On March 1, 2018, the WCB spoke with the worker and confirmed her job duties along with her advice that she did not have any problems with her right arm or elbow prior to November 29, 2017. The worker advised that outside of work, she attended at a gym but did not do weights, and she used to ride horses but had not done so since June 2017. The worker further advised she was not back to working her full shifts yet and was just cleared to lift up to 5 to 8 pounds. The WCB received a copy of the nerve conduction study conducted on February 21, 2018, which indicated "No evidence…of right medial, ulnar, or radial neuropathy."

On March 12, 2018, the worker's representative provided the WCB with a letter in support of the worker's request for reconsideration. Included with the letter was a note from the worker's family physician indicating the worker had not been treated for an injury for her right arm or elbow pain, injury or tendonitis prior to the workplace accident, and letters from two of the worker's co-workers who were on duty with the worker when the workplace accident occurred and confirmed the worker's complaints of difficulties with her right arm and elbow.

On March 22, 2018, the worker's file was reviewed again by the WCB medical advisor who opined that the evidence supported a current diagnosis of lateral epicondylosis and that the reported mechanism of injury was "…not consistent with one that would cause lateral epicondylosis." The medical advisor further noted the initial medical reports by the worker's physician noted acute lateral epicondylitis but did not indicate findings consistent with the diagnosis such as swelling, redness or heat, only lateral epicondyle tenderness. The WCB medical advisor went on to opine that the initial diagnosis related to the reported mechanism of injury would be an elbow strain, which would improve within a few weeks. On April 12, 2018, Compensation Services advised the worker's representative that the new information had been reviewed, but there would be no change to the WCB's earlier decision except that the worker's benefits would be covered until January 29, 2018.

On May 29, 2018, the WCB received a further report from the worker's family physician. The report indicated that an MRI of May 24, 2018 showed a partial tear in the lateral tendon and the physician recommended the worker remain at 10-hour shifts as opposed to her full 12-hour shifts and continue with physiotherapy. On May 31, 2018, the worker's representative requested that Compensation Services reconsider their decision to end benefits for the worker, based on the MRI results indicating the worker had a "…moderate partial tear of the common extensor origin."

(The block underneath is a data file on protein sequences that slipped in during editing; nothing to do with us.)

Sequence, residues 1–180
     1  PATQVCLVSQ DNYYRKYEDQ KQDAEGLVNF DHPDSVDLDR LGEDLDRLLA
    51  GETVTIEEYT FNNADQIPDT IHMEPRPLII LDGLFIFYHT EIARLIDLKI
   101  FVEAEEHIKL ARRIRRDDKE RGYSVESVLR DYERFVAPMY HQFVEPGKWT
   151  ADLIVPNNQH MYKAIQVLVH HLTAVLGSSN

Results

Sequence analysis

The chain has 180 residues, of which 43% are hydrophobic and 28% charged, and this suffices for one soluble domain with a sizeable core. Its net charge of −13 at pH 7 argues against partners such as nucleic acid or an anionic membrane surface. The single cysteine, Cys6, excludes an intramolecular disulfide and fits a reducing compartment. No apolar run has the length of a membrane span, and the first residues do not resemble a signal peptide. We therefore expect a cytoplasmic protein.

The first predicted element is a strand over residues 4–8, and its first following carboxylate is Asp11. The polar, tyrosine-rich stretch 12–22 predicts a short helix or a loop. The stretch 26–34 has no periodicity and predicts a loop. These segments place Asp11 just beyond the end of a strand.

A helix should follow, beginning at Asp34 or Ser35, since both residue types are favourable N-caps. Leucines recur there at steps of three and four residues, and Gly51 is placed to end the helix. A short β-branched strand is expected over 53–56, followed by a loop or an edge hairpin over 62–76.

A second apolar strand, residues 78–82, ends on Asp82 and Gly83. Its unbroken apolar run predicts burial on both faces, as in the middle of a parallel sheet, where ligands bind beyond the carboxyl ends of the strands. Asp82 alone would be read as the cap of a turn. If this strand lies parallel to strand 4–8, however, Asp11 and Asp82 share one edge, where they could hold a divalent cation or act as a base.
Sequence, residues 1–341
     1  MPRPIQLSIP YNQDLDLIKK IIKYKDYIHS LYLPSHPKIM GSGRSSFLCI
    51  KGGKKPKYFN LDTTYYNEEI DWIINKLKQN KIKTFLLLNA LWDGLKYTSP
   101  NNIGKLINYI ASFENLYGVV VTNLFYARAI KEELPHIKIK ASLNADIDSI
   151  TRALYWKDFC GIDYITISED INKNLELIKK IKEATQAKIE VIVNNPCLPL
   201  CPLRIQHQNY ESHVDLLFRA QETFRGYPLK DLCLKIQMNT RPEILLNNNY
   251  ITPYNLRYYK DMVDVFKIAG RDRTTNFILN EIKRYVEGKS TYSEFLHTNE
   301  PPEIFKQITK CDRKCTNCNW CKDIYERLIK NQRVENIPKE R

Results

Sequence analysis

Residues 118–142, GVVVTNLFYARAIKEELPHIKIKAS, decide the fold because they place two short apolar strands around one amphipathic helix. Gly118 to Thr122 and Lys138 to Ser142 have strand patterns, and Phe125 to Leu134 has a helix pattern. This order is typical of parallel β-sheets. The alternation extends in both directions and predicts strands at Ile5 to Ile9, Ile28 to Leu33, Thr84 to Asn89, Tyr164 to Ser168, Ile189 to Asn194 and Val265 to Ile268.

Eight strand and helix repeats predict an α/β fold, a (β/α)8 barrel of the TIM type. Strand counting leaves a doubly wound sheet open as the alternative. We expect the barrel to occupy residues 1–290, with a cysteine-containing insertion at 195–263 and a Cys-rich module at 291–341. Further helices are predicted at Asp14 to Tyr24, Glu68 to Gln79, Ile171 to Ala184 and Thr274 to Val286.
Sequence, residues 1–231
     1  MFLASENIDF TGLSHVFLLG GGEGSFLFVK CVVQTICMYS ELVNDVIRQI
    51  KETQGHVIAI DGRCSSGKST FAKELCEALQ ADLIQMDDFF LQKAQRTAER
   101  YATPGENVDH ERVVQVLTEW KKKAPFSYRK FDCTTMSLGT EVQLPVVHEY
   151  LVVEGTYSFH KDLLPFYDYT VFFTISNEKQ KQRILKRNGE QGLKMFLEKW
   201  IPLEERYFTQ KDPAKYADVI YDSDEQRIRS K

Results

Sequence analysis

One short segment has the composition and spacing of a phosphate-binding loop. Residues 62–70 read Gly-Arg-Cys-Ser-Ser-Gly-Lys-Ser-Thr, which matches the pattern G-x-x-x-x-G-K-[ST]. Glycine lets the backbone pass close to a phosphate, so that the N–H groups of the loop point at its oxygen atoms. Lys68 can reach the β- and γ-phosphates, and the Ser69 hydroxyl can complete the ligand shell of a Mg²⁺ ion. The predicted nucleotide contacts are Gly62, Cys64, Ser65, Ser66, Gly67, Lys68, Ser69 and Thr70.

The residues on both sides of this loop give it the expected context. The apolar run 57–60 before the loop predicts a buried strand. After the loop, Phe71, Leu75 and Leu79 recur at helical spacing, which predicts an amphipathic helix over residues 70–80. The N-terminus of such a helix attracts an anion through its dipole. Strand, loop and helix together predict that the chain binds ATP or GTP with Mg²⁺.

On June 3, 2018, the WCB medical advisor reviewed the new medical information, and on June 7, 2018, Compensation Services advised the worker's representative that there would be no change to the earlier decisions. Compensation Services noted that the WCB medical advisor had opined that partial tears of the common extensor tendon are "…usually degenerative in nature" and traumatic tears could be caused by "…penetrating trauma or sudden forceful eccentric wrist extension" but the reported mechanism of injury did not appear to be consistent with the typical mechanisms causing traumatic partial tears.

On October 10, 2018, the worker's representative requested that Review Office reconsider Compensation Services' decisions. Included with the representative's request were opinions and chart notes from the worker's treating sports medicine physician and physiotherapist, both of which were said to support that the mechanism of injury reported by the worker could have caused the partial tear to the worker's common extensor tendon. The employer's representative provided a submission in support of Compensation Services' decisions on January 8, 2019.

On January 16, 2019, Review Office requested the WCB medical advisor review the worker's file and the new medical information provided by the worker's representative. On January 28, 2019, the WCB medical advisor opined that the MRI study did not indicate "…features of acuity documented on the examination (i.e. edema, effusion)." The medical advisor further opined that chronic causes of tears of the common extensor tendon origin included activities involving repetitive firmly resisted hand grasping, and acute causes could include a laceration to the proximal lateral elbow or a very heavy lift/forceful grasp. The WCB medical advisor noted the worker's reported lateral epicondylar tenderness was in the same area as the tendon tear and that a single lift of 10 pounds, regardless of what position a person's hand was in, would not typically be associated with an acute tendon tear. The medical advisor's opinion was shared with the parties on January 28, 2019, with the worker's representative providing a response on February 5, 2019, and the employer’s representative submitted a response on February 6, 2019.